Transpiration in recovering mixed loblolly pine and oak stands following wildfire in the Lost Pines region of Texas
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© 2018 John Wiley & Sons, Ltd. Depending on severity, wildfire alters stand biomass, tree species distribution, and age, which may modify stand transpiration (E t ) and the amount of water available to other parts of the hydrologic cycle. Our objective was to determine how wildfire severity affected E t in mixed pine/oak (Pinus taeda L./Quercus stellata Wangehn., Quercus marilandica Muenchh.) stands in the Lost Pines eco-region (Bastrop, TX, USA). Transpiration was estimated for mature pines and oaks at unburned and moderately burned sites and oak resprouts and pine saplings at a severely burned plot. On average, mature pines had 36% greater sap flux rates (J s ) than mature oaks in the unburned and moderately burned stands. Under low moisture stress, regenerating pines had greater J s than resprouting oaks, but J s quickly decreased as soil moisture declined. By contrast, mature pines were unaffected by dry periods. Pines contributed most to E t at the unburned and moderate stands. Conversely, oak E t dominated the severely burned stand, contributing over 95%. Transpiration was greatest at the moderately burned stand (2.02 mm day −1 ), followed by the unburned (1.44 mm day −1 ), and the severely burned stands (0.46 mm day −1 ). Despite greater J s in resprouts and saplings, reductions in total sapwood area resulted in lower stand-level daily E t at the severe site. Although severe fire decreased stand transpiration through reductions in vegetation density, individual oak resprouts appear to thrive, undeterred by high vapour pressure deficit. Without pine planting, oaks will likely dominate severely burned stands that could result in shifts to local hydrology and microclimate.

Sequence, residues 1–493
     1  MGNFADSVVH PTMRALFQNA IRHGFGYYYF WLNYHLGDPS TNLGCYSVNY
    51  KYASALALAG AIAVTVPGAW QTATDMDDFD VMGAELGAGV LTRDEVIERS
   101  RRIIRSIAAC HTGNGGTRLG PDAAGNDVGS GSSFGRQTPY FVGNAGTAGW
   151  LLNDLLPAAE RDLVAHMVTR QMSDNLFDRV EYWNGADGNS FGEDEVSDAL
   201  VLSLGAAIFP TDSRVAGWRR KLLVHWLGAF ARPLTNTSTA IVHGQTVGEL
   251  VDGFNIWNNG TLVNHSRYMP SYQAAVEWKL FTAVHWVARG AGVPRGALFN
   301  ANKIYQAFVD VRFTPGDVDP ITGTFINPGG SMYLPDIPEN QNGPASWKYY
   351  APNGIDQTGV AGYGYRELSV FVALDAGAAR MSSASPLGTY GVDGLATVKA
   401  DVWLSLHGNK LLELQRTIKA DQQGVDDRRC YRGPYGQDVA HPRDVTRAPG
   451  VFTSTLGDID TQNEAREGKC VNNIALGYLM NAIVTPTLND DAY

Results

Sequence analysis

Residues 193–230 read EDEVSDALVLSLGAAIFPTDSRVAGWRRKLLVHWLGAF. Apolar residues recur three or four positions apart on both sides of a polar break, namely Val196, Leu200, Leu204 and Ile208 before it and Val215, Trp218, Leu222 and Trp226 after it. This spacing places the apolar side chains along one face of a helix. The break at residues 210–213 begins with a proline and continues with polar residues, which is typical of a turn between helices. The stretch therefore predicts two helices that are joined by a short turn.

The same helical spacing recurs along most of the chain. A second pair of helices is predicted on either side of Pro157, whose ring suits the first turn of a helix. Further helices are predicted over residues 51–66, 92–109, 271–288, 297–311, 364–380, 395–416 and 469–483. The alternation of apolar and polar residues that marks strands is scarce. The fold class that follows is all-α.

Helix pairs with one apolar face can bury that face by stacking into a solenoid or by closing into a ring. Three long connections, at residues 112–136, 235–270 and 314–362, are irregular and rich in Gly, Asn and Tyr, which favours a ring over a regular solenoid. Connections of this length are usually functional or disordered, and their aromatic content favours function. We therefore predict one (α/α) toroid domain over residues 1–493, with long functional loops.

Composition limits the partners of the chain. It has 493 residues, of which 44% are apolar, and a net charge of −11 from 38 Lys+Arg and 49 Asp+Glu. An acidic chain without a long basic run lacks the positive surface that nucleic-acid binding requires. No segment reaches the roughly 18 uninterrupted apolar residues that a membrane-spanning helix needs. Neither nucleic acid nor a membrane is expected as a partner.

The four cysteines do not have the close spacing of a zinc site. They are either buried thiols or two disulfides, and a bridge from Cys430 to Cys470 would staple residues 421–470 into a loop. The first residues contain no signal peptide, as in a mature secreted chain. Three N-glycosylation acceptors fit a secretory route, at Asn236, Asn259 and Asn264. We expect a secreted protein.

author list (cited authors)
Cooper, C. E., Aparecido, L., Muir, J. P., Morgan, C., Heilman, J. L., & Moore, G. W.